Many people visit this website looking for Anti-D information.
Anti-D is the name of a medicine offered to rhesus negative women who may have been exposed to rhesus positive blood. It’s known as RhoGAM® in the USA.
Anti-D is given in the hope of preventing them from making antibodies which may cause problems for future babies.
I am the author of two books about Anti-D. The first was published in 2001, and things have moved on since then. Which is why in 2021 I published a brand new and updated book on this topic, Anti-D Explained. The book explains the issues fully and takes you on a journey through the evidence and the issues. It’s relevant no matter whether you’re just curious, pregnant, a parent, professional or someone just interested in the issues.
If you want to be led gently by the hand on a journey through the information, then my book is the answer! But I also offer links to a few supplementary Anti-D resources in this blog post. These include documents and resources that offer a variety of perspectives and levels of information.
I believe that women and families need to consider decisions from as many angles as possible. And I consider that professionals can offer the best help when they can explain issues from a variety of perspectives.
As I say in my book, Anti-D is one of the medical world’s success stories. But that doesn’t mean that it doesn’t have risks and downsides. It’s always good to ask questions. By looking at the evidence and understanding the bigger picture, we can make the decisions that are right for us.
Introducing the issues
So if you’re wondering what Anti-D is and why it’s an issue, the Wikipedia entry on this topic is here.
I’m not generally a fan of Wikipedia. I appreciate that it is ever-evolving, but birth-related entries tend to reflect North American terms, pharmaceutical products, policies and attitudes towards women. They are often obstetrically-focused and not very woman-centred. However, there are some useful links to other sources and it’s a good place to become familiar with the terms used to describe this in different countries.
As with many pharmaceutical and medical products, much of the information out there is written by marketers whose job it is geared towards letting you know how fabulous, necessary, effective and safe their product is.
Do bear that in mind as you surf.
Some of the information sources that I found while checking links for this page (including some written by midwives and birth workers, I am sorry to say) are rather shocking. The language is often insulting. Statements are more absolute than is warranted by the state of the evidence, and consent is assumed. So please use discretion! In fact, it was while writing Anti-D Explained that I was moved to write this post about language.
As far as statements such as ‘Anti-D is perfectly safe for you and your baby’ are concerned, I think it important to point out a key fact. Even the fab people at the companies who make Anti-D and who spend lots of time and effort ensuring it is as virus-free as possible would not claim that it is perfectly safe. It is as safe as their combined valiant efforts and modern technology can make it. And they work hard at this. But no medicine made from blood is ever going to be perfectly safe. And no scientist would make such a ridiculous claim. More in the book if you’re interested.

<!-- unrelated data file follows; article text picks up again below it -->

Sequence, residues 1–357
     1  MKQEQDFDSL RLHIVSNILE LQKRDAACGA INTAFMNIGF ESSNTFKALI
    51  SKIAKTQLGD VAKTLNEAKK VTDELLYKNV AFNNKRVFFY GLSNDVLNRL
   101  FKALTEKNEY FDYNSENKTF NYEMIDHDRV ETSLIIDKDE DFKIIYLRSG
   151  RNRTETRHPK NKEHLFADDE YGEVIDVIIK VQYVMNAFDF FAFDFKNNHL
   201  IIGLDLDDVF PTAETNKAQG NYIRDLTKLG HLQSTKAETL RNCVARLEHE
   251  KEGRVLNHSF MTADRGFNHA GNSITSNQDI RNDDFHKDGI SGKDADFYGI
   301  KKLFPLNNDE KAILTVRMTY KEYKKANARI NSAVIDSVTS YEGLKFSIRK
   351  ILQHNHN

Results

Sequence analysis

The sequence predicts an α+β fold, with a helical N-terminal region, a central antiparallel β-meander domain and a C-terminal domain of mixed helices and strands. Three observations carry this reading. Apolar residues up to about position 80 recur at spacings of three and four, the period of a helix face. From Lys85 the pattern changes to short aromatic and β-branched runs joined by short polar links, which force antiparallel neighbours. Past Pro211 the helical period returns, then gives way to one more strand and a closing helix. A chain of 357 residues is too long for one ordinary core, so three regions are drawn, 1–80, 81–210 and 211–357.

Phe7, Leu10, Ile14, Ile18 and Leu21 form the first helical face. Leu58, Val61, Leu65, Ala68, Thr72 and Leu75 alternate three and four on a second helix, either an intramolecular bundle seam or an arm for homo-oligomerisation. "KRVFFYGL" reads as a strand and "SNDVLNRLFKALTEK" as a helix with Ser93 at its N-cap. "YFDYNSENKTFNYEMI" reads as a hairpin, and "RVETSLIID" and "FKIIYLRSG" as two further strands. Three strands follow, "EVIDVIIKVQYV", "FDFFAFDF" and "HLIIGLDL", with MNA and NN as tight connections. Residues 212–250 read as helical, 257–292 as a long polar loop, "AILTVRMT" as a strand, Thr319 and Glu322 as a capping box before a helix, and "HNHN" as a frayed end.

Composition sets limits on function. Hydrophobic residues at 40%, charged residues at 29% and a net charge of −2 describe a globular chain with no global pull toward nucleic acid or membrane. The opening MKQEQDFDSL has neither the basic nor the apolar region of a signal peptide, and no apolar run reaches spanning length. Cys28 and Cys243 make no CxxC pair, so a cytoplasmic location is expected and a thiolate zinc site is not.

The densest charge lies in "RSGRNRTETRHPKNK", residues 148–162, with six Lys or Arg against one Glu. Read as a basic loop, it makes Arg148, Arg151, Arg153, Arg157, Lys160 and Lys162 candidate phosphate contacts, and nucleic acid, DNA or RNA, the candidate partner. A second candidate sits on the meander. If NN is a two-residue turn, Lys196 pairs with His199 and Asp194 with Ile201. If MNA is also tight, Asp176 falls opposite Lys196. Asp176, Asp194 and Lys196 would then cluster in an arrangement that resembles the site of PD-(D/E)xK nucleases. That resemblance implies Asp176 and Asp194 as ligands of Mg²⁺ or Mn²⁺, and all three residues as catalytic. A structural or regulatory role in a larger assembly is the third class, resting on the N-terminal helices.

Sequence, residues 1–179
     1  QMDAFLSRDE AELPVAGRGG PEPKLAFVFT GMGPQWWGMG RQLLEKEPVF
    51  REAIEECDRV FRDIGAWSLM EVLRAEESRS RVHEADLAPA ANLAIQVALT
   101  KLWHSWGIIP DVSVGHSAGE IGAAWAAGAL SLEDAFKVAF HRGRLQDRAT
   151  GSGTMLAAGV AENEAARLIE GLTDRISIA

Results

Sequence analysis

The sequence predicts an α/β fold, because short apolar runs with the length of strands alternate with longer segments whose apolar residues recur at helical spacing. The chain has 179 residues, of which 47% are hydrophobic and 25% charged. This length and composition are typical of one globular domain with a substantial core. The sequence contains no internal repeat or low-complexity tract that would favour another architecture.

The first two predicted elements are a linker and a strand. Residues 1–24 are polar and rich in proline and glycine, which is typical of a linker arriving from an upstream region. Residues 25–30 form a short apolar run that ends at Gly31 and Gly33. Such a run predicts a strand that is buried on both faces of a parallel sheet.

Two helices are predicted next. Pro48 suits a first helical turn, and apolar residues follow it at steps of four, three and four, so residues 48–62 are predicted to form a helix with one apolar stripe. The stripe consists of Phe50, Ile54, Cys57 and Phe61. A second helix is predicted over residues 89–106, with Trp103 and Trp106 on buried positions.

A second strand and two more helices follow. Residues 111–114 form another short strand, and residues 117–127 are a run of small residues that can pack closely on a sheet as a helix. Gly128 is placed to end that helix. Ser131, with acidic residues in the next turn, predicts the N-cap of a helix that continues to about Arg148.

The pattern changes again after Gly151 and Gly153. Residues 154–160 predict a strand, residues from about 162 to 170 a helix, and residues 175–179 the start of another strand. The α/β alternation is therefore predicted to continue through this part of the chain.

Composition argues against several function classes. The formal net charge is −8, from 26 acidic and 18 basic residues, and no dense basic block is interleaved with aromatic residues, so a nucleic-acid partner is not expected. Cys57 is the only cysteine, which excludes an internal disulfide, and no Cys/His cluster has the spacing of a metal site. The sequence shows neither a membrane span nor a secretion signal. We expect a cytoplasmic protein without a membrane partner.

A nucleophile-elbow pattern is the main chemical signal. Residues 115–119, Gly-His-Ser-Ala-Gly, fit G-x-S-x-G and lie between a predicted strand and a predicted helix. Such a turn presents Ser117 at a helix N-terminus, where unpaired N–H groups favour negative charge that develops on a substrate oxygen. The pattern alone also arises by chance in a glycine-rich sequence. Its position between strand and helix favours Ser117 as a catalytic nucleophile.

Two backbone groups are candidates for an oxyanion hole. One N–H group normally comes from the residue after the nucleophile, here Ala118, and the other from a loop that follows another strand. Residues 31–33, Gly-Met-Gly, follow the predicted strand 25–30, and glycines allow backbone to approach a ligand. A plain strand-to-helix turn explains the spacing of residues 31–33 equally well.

A few overviews
Let’s start with a couple of overviews of this area. These are quite variable in their level of assumed scientific knowledge. One of the better UK ones is that provided by NHS Choices, which has links to a few other relevant pages on their website. This one on Medscape may also be useful.
As I have noted, few resources really explain that women have a choice in this area. I feel quite strongly about that!
Your body. Your baby, Your decision.
During the writing of both of my books on this topic, I was contacted by many women who had concerns and questions about Anti-D. I also heard from women who had experienced problems after having it. So I find it interesting and also concerning that these concerns often aren’t reflected in online information.
For instance, in this summary from Mumsnet the quoted experiences are all positive. But it’s very possible that people with different experiences will share them in different places. I can tell you that I hear from many people with concerns.
Evidence and guidelines
Maybe you’d like to go a bit further and begin considering the evidence and guidelines. Yes, I do analyse these in depth in my book, if you’d rather have someone walk you through them. But for those who like to do their own analysis as well, here are a few of the key sources.
Let’s start with the current UK guideline. That details all the points at which rhesus negative women are offered Anti-D.
You might also want to look at the RCOG page on Anti-D which points to that and also other current documents.
In the UK, we also have the NICE antenatal Anti-D guidance and a NICE “information for the public” page on antenatal Anti-D.
If you’re in Australia, here’s the info and links from the Australian Blood Authority. And for those in Australia and NZ, the RANZCOG guideline on Anti-D.
If you’d like to know what I have to say about guidelines and the evidence that they sometimes include, have a listen to my podcast on The Midwives’ Cauldron!
Finally, some people like to look at the product information. A few starting points if you’re in the UK are the NICE product information page on Anti-D, the information page on D-GAM and the Rhophylac product information.
There is information on the gamut of variously named US preparations on Medscape.
Although it’s not as up-to-date as some of the others, the EMA guideline can be downloaded from here. And the NZ Medsafe drugs list is also useful, but it is frequently updated and you will need to search for the specific preparation you’re looking for.